Multinationals are morally bankrupt on tax

Published: 20 Apr 2016

The Construction, Forestry, Mining and Energy Union calls on Malcolm Turnbull to act on multinational tax avoidance that robs Australia of better schools, hospitals and infrastructure projects.

A report published today by tax experts at the University of Technology, Sydney, shows how some of the world’s biggest companies are short-changing Australians by shifting profits to offshore tax havens.

CFMEU National Secretary Michael O’Connor has called on Malcolm Turnbull to put the interests of everyday Australians ahead of foreign-owned companies and the big end of town.

“Multinational tax avoidance robs everyday Australians of quality education, healthcare and social security,” Mr O’Connor said.

“Malcolm Turnbull is not only aware this morally bankrupt practise goes on in Australia, he also refuses to do anything about it.

“The Government is hell-bent on slashing investment in services that benefit the community, while letting the big end of town shift billions of dollars offshore.”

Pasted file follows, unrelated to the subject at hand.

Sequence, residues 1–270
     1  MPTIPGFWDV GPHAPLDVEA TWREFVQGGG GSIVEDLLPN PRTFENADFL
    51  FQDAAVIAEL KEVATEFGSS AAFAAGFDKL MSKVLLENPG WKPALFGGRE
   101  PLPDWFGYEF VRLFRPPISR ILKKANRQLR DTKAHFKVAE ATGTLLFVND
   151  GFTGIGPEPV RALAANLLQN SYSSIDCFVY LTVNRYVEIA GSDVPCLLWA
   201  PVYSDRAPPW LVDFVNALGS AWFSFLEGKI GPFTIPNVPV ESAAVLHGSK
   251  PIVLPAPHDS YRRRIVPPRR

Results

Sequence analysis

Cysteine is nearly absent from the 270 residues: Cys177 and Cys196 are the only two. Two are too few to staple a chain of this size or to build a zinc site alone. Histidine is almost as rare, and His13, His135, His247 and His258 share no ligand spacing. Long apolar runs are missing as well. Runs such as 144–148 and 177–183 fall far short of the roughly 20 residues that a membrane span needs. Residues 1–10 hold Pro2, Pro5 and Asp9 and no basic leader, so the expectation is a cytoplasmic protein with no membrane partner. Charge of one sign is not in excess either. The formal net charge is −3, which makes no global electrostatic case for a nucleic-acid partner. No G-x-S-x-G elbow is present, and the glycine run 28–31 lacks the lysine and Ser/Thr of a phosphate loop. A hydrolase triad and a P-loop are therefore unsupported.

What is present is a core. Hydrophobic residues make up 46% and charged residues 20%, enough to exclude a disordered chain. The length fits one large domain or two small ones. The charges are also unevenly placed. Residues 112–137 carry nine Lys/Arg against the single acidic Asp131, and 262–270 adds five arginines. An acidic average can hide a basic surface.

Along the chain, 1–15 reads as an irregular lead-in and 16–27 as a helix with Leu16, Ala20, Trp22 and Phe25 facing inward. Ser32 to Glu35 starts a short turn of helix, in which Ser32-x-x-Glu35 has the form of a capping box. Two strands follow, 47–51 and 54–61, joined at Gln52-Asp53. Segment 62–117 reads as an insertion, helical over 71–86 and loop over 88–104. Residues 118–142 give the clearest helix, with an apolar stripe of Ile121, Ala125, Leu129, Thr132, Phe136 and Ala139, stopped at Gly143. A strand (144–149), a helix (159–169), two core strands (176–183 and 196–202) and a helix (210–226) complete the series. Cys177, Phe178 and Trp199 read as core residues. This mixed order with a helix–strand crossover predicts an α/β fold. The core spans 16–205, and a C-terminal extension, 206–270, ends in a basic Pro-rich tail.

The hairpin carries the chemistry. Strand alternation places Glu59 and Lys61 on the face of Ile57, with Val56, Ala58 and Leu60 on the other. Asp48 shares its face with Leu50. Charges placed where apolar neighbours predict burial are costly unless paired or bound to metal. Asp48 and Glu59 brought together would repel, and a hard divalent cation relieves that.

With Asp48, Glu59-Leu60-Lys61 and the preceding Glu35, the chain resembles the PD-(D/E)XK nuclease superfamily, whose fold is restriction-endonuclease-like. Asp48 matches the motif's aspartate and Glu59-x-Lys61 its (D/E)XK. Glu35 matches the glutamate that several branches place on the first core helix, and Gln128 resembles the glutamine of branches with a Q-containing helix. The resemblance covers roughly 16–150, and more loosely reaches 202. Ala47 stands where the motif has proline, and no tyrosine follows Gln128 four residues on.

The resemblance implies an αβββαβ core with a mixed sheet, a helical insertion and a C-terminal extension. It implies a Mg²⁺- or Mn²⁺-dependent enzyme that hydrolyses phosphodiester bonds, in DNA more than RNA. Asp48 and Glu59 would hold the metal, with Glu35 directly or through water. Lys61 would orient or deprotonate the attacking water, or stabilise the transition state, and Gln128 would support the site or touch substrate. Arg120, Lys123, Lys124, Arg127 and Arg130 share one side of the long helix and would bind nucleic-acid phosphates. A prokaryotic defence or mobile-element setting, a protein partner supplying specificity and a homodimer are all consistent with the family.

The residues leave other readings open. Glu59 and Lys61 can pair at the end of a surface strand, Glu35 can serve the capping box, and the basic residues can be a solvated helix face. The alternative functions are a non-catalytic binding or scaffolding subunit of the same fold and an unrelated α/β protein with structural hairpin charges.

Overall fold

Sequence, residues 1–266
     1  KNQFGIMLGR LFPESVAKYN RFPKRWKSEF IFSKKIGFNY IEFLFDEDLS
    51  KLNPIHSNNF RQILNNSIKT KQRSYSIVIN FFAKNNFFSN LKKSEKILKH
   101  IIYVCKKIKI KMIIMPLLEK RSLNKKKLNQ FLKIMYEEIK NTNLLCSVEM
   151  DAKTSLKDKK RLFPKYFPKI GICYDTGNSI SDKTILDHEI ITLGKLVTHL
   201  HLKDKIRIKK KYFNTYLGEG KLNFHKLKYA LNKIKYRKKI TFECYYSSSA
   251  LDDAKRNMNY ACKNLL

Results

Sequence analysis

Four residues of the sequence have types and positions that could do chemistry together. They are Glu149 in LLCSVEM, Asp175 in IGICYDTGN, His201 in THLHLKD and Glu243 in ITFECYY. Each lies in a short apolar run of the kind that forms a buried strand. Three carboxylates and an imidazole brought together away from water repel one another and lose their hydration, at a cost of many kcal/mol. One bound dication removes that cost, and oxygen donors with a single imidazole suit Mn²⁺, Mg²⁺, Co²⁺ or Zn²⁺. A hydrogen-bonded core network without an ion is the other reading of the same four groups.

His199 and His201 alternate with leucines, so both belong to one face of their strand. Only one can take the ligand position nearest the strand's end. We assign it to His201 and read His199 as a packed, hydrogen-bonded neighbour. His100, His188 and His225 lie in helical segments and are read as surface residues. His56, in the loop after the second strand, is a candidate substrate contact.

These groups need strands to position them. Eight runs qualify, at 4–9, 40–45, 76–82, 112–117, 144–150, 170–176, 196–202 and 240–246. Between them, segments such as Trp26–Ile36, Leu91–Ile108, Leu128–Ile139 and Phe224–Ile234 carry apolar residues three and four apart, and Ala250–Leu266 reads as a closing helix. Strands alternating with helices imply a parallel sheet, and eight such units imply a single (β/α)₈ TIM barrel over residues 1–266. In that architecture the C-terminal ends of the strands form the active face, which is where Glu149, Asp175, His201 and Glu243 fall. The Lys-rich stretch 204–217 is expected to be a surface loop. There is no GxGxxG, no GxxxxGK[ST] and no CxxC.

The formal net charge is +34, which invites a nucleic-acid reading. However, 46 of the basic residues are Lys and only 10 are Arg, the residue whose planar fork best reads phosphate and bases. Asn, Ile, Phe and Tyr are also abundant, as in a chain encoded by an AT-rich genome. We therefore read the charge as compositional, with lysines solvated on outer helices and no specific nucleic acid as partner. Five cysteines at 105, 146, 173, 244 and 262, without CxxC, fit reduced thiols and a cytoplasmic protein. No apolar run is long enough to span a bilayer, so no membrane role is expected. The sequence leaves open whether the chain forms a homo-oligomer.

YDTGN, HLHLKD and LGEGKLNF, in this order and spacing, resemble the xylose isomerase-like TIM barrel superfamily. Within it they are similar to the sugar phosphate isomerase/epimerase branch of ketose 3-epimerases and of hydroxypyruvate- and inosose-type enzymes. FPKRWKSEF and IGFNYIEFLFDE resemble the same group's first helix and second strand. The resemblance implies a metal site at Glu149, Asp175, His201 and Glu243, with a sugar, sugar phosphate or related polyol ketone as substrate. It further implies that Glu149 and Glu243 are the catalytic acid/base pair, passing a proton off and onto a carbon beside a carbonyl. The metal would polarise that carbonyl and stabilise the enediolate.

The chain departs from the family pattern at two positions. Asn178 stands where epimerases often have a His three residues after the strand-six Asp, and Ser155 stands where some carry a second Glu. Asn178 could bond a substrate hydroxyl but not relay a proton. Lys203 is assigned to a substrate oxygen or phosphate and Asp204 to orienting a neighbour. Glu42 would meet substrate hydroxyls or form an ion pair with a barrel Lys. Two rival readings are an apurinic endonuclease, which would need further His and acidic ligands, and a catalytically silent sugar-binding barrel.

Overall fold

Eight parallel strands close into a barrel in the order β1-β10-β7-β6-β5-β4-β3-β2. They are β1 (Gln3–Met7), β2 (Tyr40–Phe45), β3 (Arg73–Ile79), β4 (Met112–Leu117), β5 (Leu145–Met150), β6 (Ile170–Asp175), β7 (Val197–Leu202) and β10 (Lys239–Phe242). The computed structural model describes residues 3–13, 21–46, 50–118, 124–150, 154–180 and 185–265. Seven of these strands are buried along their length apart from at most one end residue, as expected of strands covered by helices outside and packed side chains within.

The report, shows Australia in 2013-14 lost $5.4 billion in corporate tax revenue from just 76 multinational corporations.

Those 76 corporations made $11.6 billion profit in 2013-14 but paid only $1.9 billion in tax. That is an average of 16.2 per cent, which is well below the company tax rate of 30 per cent.

Compare this with a construction worker or a nurse who pay an average tax rate of 24 per cent.

“This Government has ripped $80 billion from education and health budgets, while protecting its mates in big business,” Mr O’Connor said.

“Working people and their families pay their fair share of tax, while foreign owned companies rob us of much needed tax revenue to fix the budget and pay for the services that make Australia a great place to live.

“We have seen in the Panama Papers how wide-spread tax avoidance and money shifting by big business can be. It’s time Malcolm Turnbull stood up for all Australians and not just the big end of town.”

The report pointed to a “sad reality” that many everyday Australians pay more tax than multinational corporations worth billions.